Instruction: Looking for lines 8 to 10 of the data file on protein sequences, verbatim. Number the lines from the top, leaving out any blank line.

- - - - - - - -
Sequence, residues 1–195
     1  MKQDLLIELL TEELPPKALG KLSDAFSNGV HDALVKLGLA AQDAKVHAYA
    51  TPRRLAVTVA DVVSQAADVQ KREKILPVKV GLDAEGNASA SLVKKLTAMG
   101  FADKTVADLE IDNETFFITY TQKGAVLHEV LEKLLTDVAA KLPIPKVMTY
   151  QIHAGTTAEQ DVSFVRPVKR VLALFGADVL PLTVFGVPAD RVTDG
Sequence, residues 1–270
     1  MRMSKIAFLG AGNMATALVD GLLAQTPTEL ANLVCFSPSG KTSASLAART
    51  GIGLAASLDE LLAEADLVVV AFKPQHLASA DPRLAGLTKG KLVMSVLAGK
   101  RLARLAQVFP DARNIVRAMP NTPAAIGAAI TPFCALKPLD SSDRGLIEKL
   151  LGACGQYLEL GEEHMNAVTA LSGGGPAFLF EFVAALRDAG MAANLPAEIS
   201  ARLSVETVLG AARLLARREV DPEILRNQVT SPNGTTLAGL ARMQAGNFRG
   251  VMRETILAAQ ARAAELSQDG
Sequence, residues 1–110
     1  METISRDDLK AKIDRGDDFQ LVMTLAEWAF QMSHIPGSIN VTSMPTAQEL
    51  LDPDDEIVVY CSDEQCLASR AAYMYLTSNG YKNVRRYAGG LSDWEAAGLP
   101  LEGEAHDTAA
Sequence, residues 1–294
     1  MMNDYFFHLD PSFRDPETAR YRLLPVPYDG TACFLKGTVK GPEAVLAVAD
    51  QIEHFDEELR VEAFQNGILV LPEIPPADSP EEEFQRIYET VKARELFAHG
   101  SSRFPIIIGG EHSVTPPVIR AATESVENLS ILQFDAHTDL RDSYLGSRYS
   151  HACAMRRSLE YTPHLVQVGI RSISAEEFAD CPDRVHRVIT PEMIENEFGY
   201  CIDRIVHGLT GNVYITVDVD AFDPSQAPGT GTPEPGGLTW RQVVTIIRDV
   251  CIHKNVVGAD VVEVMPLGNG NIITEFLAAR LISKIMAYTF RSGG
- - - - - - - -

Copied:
    51  GIGLAASLDE LLAEADLVVV AFKPQHLASA DPRLAGLTKG KLVMSVLAGK
   101  RLARLAQVFP DARNIVRAMP NTPAAIGAAI TPFCALKPLD SSDRGLIEKL
   151  LGACGQYLEL GEEHMNAVTA LSGGGPAFLF EFVAALRDAG MAANLPAEIS